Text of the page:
HWASAN has the instrumentation and run-time library that regular ASAN has. Compute and code size penalties between the two are similar. However, given the reduction in shadow memory (depending on tag granularity) and redzones, memory usage is greatly reduced. It might require 15% more memory in certain instances.

My previous article on ASAN introduced the metaphor of a football kicker punting toward either team’s goalpost to get an extra point. This represented two disparate but validly accessible memory locations separated by redzones - a bug ASAN could not catch. You’ll be happy to know that, with HWASAN, the field goals (most likely, choose a good tag size) have different memory tags, preventing a very confusing football match.


We talked about tag collisions. That’s certainly a downside. The biggest downside is the lack of support. This is restricted to 64-bit architectures that have top-byte-ignore enabled. Intel and AMD have been slow to adopt this. As a result, you likely won’t see this implemented on a desktop near you. Meanwhile, Android, iOS, and macOS all support it out of the box.


This relates more to Top-Byte-Ignore than to HWASAN, but I figured I would include it here. The Apple Macintosh 128k and the Apple Lisa used the Motorola 68000 microprocessor. It was 32-bit in that the register sizes were 32-bits, but it only had a 24-bit address bus, thus allotting 16MB of addressable space. Apple divided this 16MB space into four equal quadrants for the RAM, ROM, Serial Communication Controller, and Integrated Woz Machine (floppy). Yep, they each got 4MB. What to do with the leftover most significant byte in the master pointer register? They used it to store flags.

Of course, it was foolish to count on unused address bits to stay that way for very long, and it became a problem when the Macintosh transitioned to the 68020 processor in 1987, with the introduction of the Macintosh II.

- Andy Hertzfeld, member of the original Apple Macintosh development team.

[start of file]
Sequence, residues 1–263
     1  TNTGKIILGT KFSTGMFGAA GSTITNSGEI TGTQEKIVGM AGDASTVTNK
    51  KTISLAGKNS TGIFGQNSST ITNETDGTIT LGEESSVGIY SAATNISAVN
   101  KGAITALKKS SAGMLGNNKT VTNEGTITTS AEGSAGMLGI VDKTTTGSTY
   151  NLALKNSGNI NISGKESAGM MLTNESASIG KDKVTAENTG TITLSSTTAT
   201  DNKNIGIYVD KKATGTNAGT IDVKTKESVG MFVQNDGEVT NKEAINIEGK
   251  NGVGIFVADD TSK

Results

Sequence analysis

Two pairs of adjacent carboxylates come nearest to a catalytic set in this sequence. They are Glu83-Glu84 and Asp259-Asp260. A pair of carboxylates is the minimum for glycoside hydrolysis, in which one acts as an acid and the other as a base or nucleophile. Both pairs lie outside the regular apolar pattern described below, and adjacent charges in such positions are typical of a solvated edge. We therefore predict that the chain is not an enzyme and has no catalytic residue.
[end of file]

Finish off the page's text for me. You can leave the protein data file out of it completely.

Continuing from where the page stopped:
The flags signified whether the memory was locked or purgeable. Locked signified a memory address shouldn’t be moved, as it was currently in use. Purgeable means that the address could be released if the memory was tight. The developer could access and manipulate these flags with API functions such as HLock, HUnlock, and HPurge. This in and of itself was fine. The registers could hold 32 bits and the top byte would never show up on the address lane anyway.

The Macintosh 128k at the Neo Preistoria exhibition (Milan 2016), taken by Sailko. Licensed under the CC BY 3.0.

But of course, 24-bit address spaces weren’t around forever. When the 68020 and the 68030 arrived with the Macintosh II, the Macintosh team re-implemented their locking mechanism without using the upper bits but instead placing the flags in the block header. But developers didn’t always use the API functions the Macintosh team developed. Instead, they manipulated the flags themselves. So when their software landed on a machine with 32 bits of addressable memory, this caused crazy-looking addresses that weren’t valid. The developer that implemented the top-byte-ignore flags, Andy Hertzfeld, said that it took a “…year or so to identify and eradicate all the transgressions to upgrade the Macintosh software base to be "32 bit clean", so the full address space could be used.”

For the Macintosh II, the stop-gap solution was to clear the top byte of all generated addresses. This kept the 32-bit address bus operating in 24-bit mode while allowing “dirty” applications to continue working. A 32-bit addressing mode switch was added to run “clean” applications.

How does this relate?

It doesn't relate to HWASAN except for the top-byte-ignore aspect. The main point is that TBI is not a new concept. It’s been around for a while and fell out of favor until recently. Sure, there’s a big difference between 24-bit and 48-bit memory (double the bits!), but can we rely on having “just” 256 TB of RAM? Two years from now, Chrome will be using it all.

This article, and more, are available for free at www.seandeaton.com and Medium.